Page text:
SPAIN’S king, Felipe VI, is meeting with the country’s political parties over the coming days in an effort to decide on a possible candidate for prime minister. The process comes after the inconclusive general election of July 23, which saw the conservative Popular Party (PP) win the most seats in Congress but fall well short of a majority. 

It is, for now, far from clear as to who King Felipe will propose, or when. Potentially he could do so as early as Tuesday afternoon, but at the same time he could request further meetings before taking his decision. 

The PP is arguing that the choice should be its candidate, Alberto Nuñez Feijoo, on the basis that he represents the most-voted party.

The Socialist Party, meanwhile, is arguing that such an investiture debate, where Feijoo is the candidate, would be a waste of time given that he is highly unlikely to prosper. 

The PP can likely count on 172 votes in the Congress of Deputies: 137 of its own seats, 31 from far-right Vox, and one each from the Canarian Coalition and the Navarrese People’s Union (UPN). 

This, however, is still short of an absolute majority of 176 in the 350-seat chamber, and no other party for now is willing to lend its support due to their opposition to the extreme policies of Vox. 

According to reports in the Spanish press, the Socialists – who have been governing in coalition since 2020 along with leftist Unidas Podemos – are wary of the timings of the repeat elections that will be called automatically should an investiture vote fail. 

If an investiture vote is held at the beginning of September, a fresh election would be called for December 17. If it were any later, the polls could fall on the weekend of Christmas or New Year. 

There has already been widespread discontent this year over the July 23 date of the general election, which interrupted many Spaniards’ vacations and saw a record number of postal votes cast.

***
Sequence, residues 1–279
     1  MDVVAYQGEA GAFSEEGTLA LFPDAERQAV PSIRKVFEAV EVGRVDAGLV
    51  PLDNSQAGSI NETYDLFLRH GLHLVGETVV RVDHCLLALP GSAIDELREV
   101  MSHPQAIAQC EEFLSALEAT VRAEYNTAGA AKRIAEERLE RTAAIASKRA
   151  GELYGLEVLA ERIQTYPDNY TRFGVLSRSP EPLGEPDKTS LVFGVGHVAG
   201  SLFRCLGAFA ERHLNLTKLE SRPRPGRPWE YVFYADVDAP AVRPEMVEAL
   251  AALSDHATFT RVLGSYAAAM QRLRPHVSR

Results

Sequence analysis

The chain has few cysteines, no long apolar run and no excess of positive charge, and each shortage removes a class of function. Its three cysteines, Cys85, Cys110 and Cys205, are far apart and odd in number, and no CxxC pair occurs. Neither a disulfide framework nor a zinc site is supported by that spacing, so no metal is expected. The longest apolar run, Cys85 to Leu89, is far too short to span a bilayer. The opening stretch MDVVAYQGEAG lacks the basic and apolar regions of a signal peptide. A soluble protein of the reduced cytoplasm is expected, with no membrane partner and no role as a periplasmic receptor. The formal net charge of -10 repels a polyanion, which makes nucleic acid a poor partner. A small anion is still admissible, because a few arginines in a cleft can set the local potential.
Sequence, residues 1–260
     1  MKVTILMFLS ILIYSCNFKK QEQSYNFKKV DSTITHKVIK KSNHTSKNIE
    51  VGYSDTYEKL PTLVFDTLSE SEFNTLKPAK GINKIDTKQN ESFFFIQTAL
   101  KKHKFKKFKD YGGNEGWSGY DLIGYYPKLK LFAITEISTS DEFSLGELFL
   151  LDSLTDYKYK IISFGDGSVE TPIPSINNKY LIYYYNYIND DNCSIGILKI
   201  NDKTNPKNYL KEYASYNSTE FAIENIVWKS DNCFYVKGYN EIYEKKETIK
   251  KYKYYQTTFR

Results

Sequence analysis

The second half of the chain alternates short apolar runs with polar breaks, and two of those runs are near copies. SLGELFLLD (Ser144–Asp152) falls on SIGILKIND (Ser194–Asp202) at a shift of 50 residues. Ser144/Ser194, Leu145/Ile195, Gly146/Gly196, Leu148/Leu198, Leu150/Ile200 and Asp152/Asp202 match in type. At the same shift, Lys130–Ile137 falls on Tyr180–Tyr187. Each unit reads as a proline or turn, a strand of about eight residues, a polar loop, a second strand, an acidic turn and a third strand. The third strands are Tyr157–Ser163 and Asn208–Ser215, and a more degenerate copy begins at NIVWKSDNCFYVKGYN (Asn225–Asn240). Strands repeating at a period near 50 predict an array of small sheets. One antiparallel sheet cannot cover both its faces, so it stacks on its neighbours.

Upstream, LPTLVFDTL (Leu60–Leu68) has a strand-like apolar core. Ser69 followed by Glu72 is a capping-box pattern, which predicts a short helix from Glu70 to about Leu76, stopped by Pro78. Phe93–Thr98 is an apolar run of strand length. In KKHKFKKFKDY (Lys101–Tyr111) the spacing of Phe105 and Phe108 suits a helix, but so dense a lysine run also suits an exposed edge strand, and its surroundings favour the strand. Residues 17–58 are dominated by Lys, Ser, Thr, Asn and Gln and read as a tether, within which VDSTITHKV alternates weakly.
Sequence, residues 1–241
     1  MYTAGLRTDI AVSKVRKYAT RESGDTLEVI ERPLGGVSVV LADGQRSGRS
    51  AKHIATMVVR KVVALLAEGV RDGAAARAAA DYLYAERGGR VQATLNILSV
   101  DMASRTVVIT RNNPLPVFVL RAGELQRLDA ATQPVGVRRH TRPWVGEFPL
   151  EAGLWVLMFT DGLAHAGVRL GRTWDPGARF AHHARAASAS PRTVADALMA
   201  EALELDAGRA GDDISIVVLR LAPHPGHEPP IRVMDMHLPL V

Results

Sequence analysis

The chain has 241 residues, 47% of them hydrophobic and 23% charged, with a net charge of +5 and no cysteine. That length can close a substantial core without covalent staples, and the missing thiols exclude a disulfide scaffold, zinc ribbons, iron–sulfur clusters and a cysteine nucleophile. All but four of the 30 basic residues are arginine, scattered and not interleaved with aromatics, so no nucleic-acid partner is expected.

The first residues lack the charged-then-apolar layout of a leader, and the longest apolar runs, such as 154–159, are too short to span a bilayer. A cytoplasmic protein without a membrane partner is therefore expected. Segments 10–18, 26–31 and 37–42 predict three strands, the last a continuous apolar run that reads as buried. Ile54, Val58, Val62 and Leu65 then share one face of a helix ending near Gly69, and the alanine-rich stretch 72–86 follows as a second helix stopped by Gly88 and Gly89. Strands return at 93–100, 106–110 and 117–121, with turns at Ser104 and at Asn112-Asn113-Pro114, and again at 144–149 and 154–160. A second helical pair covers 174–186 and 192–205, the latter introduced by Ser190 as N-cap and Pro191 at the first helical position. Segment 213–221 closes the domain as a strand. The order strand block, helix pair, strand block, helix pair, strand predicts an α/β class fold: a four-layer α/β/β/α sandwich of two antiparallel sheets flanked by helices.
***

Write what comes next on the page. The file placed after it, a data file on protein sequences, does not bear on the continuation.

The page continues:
The Socialists’ candidate, meanwhile, caretaker prime minister Pedro Sanchez, also faces an uphill struggle should the king choose him as the candidate for the investiture. 

Sanchez could cobble together as many as 178 votes in Congress, which would be enough for a majority. He would need the support of the new leftist alliance Sumar, which has absorbed a number of smaller parties, including Unidas Podemos, as well as regional parties such as the Basque Nationalist Party (PNV).

The sticking point, however, will be Together for Catalunya, a pro-Catalan independence party that is led by politician Carles Puigdemont. He was at the head of the 2017 independence drive and has been living in self-imposed exile in Belgium since he fled Spain to avoid arrest. 

Junts is demanding a number of promises from Sanchez in return for its support, including an amnesty for those involved in the 2017 push for independence and a new referendum on the northeastern region’s secession from Spain – something that is not currently possible under the Spanish Constitution.

What happens next in this ongoing political stalemate will be decided by King Felipe VI, quite possibly in the coming days.

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